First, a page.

tuesday, 27 march of 2018

Amnesty condemns Malaysia ´fake news´ bill

The Malaysian Parliament proposed abill Monday meant to combat "fake news," drawing sharpcriticism from rights groups such as Amnesty International.

 The Anti-Fake News Act 2018 defines fake news as "anynews, information, data and reports, which is or are wholly or partlyfalse." A person who creates, publishes, facilitates or does not removefake news could be imprisoned for up to 10 years.

Amnesty says that the definition of fake news is vague andoverly broad. The organization condemns the bill for its potential to be usedto silence dissent and says it should be "scrapped immediately.

James Gomez, Amnesty's Director for Southeast Asia and thePacific, said "It is deeply disturbing that the Malaysian authorities areusing the catch-all term 'fake news' as an excuse to crack down on critics. TheBill combines the worst of the cheap propaganda coming from the West and therepressive laws and policies in the East."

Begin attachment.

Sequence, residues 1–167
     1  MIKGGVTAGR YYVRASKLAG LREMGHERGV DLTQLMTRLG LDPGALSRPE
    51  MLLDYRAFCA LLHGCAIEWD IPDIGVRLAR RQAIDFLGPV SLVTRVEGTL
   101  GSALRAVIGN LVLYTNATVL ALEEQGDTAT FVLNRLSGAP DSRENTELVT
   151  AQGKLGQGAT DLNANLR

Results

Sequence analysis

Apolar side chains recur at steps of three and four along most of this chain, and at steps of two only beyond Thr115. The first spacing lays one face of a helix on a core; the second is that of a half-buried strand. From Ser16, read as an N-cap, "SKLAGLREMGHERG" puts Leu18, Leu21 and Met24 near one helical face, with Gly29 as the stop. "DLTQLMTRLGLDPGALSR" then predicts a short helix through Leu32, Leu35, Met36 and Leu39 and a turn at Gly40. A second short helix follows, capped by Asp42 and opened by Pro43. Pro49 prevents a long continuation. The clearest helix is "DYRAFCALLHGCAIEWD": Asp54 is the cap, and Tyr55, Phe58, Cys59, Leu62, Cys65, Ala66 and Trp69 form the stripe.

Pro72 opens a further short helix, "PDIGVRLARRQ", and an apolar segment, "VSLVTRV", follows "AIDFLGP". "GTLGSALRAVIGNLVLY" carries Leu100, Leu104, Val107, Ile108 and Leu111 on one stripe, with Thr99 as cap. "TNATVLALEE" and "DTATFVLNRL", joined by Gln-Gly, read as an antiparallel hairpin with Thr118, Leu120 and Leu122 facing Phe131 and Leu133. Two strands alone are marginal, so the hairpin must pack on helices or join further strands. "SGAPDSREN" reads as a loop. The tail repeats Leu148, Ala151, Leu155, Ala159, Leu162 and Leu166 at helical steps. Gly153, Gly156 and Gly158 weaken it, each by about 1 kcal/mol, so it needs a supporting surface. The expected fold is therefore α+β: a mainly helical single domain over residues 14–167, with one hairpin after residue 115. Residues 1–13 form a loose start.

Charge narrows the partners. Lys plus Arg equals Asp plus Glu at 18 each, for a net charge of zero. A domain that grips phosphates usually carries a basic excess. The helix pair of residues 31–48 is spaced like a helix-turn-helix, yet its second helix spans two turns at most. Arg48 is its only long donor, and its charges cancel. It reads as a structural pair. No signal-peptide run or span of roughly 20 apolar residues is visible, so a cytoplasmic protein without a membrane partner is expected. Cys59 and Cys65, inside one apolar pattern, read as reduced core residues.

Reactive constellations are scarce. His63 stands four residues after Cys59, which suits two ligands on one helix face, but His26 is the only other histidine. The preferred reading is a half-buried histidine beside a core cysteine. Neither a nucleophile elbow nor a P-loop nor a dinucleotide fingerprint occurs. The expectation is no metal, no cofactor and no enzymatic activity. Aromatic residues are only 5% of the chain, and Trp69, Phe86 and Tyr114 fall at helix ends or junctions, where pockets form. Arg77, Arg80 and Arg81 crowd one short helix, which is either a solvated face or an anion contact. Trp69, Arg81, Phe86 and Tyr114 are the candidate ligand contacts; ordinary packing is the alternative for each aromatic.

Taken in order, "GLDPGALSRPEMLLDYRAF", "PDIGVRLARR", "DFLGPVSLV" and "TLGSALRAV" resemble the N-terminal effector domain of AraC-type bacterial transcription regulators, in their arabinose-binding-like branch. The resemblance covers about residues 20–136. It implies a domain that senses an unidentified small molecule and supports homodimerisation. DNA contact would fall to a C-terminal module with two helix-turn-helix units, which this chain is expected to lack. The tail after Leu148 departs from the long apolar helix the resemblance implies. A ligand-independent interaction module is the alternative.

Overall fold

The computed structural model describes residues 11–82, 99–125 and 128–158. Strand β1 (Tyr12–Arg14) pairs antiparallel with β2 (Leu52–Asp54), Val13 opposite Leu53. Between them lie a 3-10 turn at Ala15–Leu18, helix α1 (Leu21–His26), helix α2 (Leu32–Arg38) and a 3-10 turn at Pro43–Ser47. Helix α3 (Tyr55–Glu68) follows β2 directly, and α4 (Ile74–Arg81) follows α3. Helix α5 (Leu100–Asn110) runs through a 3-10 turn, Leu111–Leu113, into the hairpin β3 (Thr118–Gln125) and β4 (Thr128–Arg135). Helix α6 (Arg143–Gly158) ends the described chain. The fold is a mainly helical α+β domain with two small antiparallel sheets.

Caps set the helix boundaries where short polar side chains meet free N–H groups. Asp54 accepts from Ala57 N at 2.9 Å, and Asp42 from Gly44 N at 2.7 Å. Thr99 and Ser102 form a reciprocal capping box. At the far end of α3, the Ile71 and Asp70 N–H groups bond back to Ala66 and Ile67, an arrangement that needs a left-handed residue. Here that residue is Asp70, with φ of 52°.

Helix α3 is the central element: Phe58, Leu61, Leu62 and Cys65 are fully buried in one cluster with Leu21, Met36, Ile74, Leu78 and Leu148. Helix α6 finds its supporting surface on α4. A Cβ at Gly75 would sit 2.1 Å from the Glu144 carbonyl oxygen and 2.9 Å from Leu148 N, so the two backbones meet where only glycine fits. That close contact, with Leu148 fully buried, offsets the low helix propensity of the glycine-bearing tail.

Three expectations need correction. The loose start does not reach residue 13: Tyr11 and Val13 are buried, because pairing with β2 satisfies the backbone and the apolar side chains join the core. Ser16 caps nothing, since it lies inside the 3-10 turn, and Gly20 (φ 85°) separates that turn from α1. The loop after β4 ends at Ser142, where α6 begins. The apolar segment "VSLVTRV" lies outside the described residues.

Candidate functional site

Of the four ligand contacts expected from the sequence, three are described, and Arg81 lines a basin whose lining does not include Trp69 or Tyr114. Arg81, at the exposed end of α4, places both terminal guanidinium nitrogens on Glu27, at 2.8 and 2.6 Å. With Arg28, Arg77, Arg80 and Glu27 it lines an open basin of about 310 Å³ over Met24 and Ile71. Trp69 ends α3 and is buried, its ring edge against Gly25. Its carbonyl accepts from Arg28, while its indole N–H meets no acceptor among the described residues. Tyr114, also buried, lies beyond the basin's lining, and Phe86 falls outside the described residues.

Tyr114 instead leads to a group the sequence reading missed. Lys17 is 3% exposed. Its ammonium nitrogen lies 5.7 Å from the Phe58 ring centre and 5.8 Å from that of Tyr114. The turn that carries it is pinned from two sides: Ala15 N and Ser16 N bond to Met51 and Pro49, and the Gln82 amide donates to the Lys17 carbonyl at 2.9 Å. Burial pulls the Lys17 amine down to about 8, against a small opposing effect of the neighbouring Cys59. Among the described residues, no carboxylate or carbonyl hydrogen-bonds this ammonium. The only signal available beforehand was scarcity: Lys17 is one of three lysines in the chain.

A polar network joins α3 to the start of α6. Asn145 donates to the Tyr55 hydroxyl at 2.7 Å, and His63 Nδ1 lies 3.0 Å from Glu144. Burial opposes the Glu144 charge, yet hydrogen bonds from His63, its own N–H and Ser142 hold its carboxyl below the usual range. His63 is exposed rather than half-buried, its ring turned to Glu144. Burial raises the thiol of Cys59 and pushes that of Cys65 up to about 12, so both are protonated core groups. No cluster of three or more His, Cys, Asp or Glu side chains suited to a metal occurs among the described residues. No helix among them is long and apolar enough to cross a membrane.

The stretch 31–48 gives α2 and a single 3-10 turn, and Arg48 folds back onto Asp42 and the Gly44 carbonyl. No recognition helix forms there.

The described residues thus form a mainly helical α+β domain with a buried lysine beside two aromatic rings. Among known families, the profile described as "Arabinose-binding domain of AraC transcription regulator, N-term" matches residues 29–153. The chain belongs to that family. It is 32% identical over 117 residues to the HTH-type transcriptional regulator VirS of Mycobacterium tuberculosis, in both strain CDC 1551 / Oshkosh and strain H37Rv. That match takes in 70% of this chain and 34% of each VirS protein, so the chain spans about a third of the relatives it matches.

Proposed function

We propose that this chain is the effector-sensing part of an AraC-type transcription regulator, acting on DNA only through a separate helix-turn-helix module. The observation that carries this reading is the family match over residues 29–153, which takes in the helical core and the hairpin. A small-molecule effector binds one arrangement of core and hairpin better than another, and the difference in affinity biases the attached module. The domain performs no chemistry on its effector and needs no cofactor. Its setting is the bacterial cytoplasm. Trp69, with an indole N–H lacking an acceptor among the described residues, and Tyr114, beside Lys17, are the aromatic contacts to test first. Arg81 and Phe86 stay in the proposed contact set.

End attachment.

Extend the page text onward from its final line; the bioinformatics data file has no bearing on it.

Freedom of speech on the Internet has been a subject of muchlegislation and litigation internationally. Last month Human Rights Watchcondemned a German law requiring social media platforms toimmediately remove illegal content. In June the US Supreme Court ruled thatNorth Carolina's social media restrictions for sex offenders wereunconstitutional.

(Published by The Jurist, March 26, 2018)

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